Chris Rumfitt, founder and chief executive of Field Consulting, says Yes.
A wafer-thin majority in Parliament. No mandate for her policy agenda. An obstructive House of Lords. A shambolic opposition. And a massive lead in the polls. The case for an early General Election was already strong, but the result in Copeland should make it a no-brainer.
Theresa May would take her majority from a handful to a hundred or more, give herself a clear five years to deliver Brexit and the rest of her policy agenda, and silence her critics in the party. Moreover, it is nine years since the last recession started and any look at our economic history tells you we tend to get one every decade.
If the Labour Party got a new leader and the economy slumped, the political landscape could change radically and quickly. Gordon Brown went from looking dominant in Autumn 2007 to being political toast just a year later. If the Prime Minister doesn’t want the same fate, she should go to the country. If not now, then when?
Andrew Hawkins, chairman of ComRes, says No.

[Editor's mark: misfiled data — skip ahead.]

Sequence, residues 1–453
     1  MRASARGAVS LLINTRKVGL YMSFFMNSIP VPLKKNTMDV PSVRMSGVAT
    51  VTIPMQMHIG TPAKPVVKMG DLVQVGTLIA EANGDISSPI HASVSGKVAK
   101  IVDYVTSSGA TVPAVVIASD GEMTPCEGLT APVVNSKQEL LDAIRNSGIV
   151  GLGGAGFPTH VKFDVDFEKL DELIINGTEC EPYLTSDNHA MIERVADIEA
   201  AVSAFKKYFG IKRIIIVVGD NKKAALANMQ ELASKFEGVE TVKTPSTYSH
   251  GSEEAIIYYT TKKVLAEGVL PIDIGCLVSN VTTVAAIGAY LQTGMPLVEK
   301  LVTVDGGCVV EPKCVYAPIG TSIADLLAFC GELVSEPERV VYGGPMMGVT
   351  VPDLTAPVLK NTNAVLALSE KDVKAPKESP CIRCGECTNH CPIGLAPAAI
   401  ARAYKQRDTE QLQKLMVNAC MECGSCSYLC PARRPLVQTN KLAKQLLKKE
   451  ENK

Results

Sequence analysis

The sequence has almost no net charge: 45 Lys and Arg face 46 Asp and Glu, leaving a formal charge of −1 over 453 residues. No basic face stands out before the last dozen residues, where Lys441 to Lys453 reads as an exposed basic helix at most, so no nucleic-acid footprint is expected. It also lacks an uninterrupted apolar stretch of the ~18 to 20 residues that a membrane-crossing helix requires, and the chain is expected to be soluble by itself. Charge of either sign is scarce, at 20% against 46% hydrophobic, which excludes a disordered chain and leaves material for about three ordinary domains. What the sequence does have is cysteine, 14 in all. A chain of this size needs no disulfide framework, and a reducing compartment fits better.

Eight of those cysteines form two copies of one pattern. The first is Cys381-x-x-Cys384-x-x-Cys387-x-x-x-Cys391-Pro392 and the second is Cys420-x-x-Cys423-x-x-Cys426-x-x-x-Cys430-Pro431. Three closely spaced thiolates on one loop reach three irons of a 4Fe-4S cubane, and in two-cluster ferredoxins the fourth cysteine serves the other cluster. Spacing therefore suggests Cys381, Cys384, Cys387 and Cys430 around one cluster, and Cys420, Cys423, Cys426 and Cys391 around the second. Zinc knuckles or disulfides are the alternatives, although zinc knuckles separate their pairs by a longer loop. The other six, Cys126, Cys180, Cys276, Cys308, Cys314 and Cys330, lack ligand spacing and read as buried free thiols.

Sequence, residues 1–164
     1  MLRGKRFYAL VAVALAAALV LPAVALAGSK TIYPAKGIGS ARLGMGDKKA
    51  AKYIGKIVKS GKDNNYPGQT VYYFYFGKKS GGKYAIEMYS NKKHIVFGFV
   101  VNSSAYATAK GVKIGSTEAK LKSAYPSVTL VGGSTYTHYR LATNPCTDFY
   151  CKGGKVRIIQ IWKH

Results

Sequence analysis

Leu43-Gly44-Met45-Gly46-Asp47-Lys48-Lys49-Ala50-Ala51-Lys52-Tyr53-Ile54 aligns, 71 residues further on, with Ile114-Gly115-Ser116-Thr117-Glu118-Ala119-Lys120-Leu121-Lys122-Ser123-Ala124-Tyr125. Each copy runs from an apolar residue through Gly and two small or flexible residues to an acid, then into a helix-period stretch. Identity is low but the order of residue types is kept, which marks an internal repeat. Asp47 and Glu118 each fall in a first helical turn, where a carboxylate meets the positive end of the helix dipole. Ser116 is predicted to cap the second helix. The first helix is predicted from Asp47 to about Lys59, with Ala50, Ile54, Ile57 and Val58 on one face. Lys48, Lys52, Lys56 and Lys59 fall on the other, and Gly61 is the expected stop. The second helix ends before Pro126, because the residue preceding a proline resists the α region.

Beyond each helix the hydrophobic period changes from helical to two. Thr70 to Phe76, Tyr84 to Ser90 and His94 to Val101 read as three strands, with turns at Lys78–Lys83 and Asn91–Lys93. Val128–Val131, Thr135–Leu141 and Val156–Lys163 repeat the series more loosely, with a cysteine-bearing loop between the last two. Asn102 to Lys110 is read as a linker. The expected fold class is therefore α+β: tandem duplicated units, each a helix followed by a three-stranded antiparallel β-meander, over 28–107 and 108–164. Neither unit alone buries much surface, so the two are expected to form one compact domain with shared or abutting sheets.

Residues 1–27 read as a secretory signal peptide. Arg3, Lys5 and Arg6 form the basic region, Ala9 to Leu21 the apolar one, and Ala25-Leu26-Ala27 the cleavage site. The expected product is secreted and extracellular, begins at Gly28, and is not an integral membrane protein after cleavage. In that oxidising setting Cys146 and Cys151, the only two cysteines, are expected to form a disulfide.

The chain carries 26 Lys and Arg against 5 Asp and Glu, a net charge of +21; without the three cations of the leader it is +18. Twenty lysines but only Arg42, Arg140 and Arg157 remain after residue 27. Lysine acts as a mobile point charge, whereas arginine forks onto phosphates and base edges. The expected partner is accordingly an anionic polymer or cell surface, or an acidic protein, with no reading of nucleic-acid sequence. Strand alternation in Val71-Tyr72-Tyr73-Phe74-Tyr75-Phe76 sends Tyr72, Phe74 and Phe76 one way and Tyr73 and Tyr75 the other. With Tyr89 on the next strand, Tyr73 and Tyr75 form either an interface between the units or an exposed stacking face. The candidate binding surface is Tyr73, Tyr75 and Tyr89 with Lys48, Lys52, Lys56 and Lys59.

The Tories might crave a larger Commons majority but must hold their nerve: barring disasters, they are heading for victory in 2020.
Defectors to Ukip who hated David Cameron are returning to the fold, the SNP will continue to keep Labour out of Scotland, and the Lib Dems are stealing votes away from Labour’s right flank. If ever there was a time not to call a General Election, it is now.
With the court challenges and Parliamentary shenanigans behind us, Article 50 will soon be triggered and negotiations begin in earnest. Business confidence is better than even Leave campaigners had dared hope. All the Tories need to do is sit back and watch as Labour’s electoral zeal drains away along with their self-belief.
The risk of calling an election, with the disruption it would bring, far outweighs the likely benefits of a few dozen more MPs. After all, with Labour in such a mess, they can govern perfectly well with the majority they already have.